China Plans to Cut Plastic Scrap Imports

August 3, 2017
Americans use up to 50 billion high quality PET bottles each year so let us find new uses for waste plastic.

As we collect, bale, and transport old corrugated containers (OCC), office paper, many types of packaging, wrappings, and strappings, Green Planet 21 will continue to partner with our clients to ensure that we maximize recycling and the value of scrap materials with persistent vigor. We expect that China will continue to buy our high quality, clean, post-industrial supply of cardboard and several grades of paper along with some plastics. We will handle plastic scrap types efficiently as we navigate the diminishing global plastic scrap market. You may have heard something about this about in the news.

On July 18, China’s Ministry of Environmental Protection (MEP) filed with the World Trade Organization (WTO), proposing to ban from import into China 24 types of plastic scrap types including PET, PE, PVC and PS, along with recovered mixed paper, textiles and vanadium slag towards the end 2017. Chinese authorities overseeing scrap trade are also revising a key regulation on scrap-trading requirements. The worldwide recycling industry is expected to contract as plastic sales to China shrink. Sellers will seek new end users, but the Chinese buying is not easily replaceable.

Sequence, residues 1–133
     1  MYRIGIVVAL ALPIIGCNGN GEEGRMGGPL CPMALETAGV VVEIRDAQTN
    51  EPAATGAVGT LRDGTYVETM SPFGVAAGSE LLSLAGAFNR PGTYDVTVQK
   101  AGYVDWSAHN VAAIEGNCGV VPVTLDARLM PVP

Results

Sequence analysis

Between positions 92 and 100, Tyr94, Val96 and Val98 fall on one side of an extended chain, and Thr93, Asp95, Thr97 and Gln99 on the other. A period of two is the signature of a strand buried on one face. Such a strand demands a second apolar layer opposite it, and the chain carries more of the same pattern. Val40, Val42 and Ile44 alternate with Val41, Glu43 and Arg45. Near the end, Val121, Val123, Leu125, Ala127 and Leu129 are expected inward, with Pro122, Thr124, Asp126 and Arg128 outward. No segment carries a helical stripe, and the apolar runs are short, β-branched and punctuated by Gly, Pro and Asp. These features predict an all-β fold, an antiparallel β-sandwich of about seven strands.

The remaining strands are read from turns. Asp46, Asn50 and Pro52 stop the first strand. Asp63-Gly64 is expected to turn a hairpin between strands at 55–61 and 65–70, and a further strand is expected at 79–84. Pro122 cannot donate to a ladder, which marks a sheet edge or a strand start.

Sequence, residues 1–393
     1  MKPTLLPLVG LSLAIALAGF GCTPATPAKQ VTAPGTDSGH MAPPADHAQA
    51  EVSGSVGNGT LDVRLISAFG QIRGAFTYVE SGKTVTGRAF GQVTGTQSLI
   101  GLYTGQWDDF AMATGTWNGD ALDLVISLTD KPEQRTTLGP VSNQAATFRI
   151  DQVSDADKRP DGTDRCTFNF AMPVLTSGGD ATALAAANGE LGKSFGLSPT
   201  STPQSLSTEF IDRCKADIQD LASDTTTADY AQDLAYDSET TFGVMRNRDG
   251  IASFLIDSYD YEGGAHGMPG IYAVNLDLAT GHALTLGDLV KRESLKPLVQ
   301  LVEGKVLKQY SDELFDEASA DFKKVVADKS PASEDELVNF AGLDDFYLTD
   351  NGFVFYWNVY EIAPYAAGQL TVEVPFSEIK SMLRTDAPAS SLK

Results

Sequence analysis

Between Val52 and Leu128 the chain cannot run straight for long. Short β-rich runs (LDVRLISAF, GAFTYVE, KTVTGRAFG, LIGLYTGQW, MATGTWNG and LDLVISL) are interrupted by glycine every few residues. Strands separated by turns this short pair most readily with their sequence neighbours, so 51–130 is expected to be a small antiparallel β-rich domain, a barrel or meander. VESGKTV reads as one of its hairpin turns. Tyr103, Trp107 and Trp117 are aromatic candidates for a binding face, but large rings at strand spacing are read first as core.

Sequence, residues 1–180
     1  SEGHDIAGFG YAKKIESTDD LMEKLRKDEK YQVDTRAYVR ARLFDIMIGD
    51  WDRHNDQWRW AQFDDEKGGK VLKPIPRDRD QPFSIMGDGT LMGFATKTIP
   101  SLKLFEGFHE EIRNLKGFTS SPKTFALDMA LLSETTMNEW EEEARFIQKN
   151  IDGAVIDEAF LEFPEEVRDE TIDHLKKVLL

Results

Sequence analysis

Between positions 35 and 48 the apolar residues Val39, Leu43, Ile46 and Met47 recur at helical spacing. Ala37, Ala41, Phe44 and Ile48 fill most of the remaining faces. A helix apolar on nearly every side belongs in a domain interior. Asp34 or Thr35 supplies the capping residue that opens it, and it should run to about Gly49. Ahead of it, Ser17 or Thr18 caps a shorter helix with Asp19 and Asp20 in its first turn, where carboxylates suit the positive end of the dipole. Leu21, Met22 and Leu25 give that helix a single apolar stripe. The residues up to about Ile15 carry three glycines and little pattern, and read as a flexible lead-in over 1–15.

China has long been the largest and most important buyer of scrap cardboard, paper, plastics, metal, and other materials from the U.S. One third of the recyclables collected in the U.S. are sold to China. Plastics have accounted for over 15% of those exports in recent years. Prices for plastic scrap are now at the bottom, effectively ending the period when buying scrap was cheaper than buying virgin material. The world market for scrap recyclables is dynamic, always changing.

Last spring, the Chinese MEP inspected 1,162 companies that handle scrap imports and found that nearly two thirds of those firms had problematic practices or banned inventory. China instituted National Sword, an effort to improve the quality of their imported recyclables as well as stop the smuggling into China of already banned imports or materials contaminated with garbage or hazardous waste. The National Sword ban includes “polymers of ethylene, styrene, vinyl chloride, and polyethylene terephthalate (PET). These waste plastics can be ground and added as source material in the production of plastic products. Due to the low cost of oil, the sales prices for these scrap plastic types dropped earlier to negligible levels.

While China has been a buyer, an importer of recyclables, China’s own industries have not been collecting and repurposing recyclables. China now seems interested in building up its own materials recovery industry. Further, China has huge problems with environmental pollution. After joining the World Trade Organization (WTO) 16 years ago, China now seeks to meet the environmental protection obligations associated with membership.

The journalist Colin Staub has written a series of articles on this developing story.
See for more information.

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